Bentonville, Ark.-based Wal-Mart is a key target for labor activist groups, who have urged the company to improve its health-care benefits and increase pay. On Thursday, some Wal-Mart watchers said the new plan does not go far enough.

Christine L. Owens, executive director of the National Employment Law Project, called the changes “inadequate.”
“Wal-Mart has not committed to giving employees the full-time hours they want and need, nor made any commitment to respect employees who are fighting for better working conditions,” Owens said in a statement.

Experts say Wal-Mart’s approach to raising wages was not necessarily the most cost-effective: It could have raised pay standards on store by store with an eye toward the cost of living and state minimum wages at each location. But the splashy announcement of across-the-board raises might be worth the trade-off.

“It could create some goodwill for them” not just among workers but also in communities where stores are located, said Laury Sejen, managing director at human resources consulting giant Towers Watson.

The move drew praise from the business community; on Twitter, Yahoo chief executive and Wal-Mart board member Marissa Mayer praised the move as “a great leadership decision.”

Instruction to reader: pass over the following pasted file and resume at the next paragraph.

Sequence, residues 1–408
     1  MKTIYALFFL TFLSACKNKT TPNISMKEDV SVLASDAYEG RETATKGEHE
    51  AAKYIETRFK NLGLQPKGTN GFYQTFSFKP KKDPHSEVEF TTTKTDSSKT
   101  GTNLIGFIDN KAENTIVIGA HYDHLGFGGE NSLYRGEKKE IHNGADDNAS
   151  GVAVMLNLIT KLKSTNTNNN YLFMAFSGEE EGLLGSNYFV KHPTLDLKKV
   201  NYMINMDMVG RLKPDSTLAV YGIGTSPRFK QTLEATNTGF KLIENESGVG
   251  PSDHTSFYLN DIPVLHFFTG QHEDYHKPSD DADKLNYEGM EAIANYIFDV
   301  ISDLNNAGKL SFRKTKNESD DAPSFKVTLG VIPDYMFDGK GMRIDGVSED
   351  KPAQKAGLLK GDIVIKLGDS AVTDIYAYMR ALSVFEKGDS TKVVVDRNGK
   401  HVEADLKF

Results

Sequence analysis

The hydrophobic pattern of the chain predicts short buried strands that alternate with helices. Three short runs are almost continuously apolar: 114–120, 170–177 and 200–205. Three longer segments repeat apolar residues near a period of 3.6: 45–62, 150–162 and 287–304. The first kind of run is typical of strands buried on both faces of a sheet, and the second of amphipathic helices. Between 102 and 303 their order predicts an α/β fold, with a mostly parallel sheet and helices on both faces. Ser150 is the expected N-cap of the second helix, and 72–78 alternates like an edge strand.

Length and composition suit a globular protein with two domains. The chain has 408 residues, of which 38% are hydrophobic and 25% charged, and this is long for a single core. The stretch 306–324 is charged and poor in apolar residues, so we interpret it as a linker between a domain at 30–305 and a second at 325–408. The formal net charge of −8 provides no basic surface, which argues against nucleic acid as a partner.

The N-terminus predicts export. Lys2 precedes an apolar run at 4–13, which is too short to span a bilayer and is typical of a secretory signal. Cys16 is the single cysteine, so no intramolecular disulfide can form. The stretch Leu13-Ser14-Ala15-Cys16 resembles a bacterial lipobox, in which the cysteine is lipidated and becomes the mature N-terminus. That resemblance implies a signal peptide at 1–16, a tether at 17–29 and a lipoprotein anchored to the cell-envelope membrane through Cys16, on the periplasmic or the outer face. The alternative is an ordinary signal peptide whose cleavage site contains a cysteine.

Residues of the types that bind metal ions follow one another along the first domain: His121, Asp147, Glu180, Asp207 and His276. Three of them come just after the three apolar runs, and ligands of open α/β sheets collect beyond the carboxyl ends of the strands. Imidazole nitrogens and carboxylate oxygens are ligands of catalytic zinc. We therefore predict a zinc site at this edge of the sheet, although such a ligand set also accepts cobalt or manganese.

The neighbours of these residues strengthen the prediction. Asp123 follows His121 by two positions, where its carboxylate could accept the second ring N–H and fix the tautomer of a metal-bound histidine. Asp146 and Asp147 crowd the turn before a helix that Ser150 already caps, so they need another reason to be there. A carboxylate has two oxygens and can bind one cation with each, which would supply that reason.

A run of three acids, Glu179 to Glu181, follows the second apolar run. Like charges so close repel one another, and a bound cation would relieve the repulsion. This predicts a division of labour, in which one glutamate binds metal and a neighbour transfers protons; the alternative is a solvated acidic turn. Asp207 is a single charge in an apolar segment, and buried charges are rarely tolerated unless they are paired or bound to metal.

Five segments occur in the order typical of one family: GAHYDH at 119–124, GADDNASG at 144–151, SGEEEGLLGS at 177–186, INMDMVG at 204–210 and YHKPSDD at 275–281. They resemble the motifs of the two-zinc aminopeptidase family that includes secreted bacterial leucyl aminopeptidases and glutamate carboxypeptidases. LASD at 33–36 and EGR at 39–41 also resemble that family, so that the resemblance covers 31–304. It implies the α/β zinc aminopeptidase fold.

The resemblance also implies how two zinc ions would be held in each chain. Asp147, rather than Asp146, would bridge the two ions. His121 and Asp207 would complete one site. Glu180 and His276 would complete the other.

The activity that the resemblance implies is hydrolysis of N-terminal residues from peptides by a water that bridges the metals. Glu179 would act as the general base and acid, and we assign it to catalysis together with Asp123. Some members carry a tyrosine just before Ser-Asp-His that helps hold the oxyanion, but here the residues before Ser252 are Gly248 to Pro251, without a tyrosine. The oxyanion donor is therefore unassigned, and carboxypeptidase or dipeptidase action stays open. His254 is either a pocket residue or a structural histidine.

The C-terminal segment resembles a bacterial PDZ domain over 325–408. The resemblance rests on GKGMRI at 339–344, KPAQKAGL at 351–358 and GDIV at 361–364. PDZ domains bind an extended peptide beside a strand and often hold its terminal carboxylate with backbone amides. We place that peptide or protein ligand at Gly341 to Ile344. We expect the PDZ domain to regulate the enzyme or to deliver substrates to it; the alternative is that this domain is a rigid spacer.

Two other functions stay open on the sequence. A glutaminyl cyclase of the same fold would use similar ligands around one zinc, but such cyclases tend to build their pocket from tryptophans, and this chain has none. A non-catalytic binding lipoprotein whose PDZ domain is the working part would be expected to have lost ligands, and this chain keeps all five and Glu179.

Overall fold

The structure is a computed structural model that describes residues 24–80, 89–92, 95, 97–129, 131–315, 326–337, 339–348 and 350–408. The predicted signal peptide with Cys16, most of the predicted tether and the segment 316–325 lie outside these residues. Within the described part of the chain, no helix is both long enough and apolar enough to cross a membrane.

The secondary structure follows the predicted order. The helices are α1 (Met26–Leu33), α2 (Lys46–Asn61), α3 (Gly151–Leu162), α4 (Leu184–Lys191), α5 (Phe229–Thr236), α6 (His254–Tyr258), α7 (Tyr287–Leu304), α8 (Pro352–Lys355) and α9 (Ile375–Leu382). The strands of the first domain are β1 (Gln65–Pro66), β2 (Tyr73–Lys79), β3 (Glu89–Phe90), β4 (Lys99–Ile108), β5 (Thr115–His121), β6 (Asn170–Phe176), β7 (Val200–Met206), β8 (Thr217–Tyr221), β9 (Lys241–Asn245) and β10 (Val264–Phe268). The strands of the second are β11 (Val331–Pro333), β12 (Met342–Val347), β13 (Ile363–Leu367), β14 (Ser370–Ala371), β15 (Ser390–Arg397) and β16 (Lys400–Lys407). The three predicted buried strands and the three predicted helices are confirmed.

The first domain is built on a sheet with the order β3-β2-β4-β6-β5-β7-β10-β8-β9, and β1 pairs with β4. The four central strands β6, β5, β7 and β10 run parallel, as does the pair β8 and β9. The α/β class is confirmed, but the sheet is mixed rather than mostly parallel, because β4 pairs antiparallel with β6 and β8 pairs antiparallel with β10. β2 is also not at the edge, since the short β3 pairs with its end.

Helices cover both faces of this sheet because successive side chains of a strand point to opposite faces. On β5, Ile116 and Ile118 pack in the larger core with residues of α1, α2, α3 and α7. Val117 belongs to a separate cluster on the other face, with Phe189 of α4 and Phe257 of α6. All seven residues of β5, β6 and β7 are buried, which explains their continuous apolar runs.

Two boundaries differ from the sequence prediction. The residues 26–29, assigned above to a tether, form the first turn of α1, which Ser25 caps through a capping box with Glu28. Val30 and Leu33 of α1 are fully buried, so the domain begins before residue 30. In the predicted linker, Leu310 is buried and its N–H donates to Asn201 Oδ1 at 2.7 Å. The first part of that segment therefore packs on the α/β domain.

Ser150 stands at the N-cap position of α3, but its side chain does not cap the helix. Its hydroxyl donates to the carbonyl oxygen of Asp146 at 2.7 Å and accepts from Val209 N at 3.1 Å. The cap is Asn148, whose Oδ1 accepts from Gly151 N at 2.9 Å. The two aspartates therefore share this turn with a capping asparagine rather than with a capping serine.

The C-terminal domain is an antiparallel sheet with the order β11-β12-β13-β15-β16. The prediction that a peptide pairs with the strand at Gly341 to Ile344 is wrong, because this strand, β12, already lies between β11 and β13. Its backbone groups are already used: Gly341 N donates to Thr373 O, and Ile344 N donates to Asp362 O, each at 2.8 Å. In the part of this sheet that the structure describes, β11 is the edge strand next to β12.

Wal-Mart’s stock fell about 3 percent Thursday, though that was probably because of investors’ disappointment in financial guidance that the company provided for its coming fiscal year. After previously saying it expected sales growth of 2 to 4 percent, the company now expects growth in the 1 to 2 percent range, largely because of the stronger dollar.

Still, Wal-Mart reported solid earnings for the fourth quarter, with revenue increasing 1.4 percent, to $131.6 billion. Sales at stores open more than a year were up 1.5 percent at its traditional Supercenters and were 7.7 percent at its smaller-format Neighborhood Market stores. Executives said lower gas prices probably fueled spending at its stores.

Lydia DePillis contributed to this report.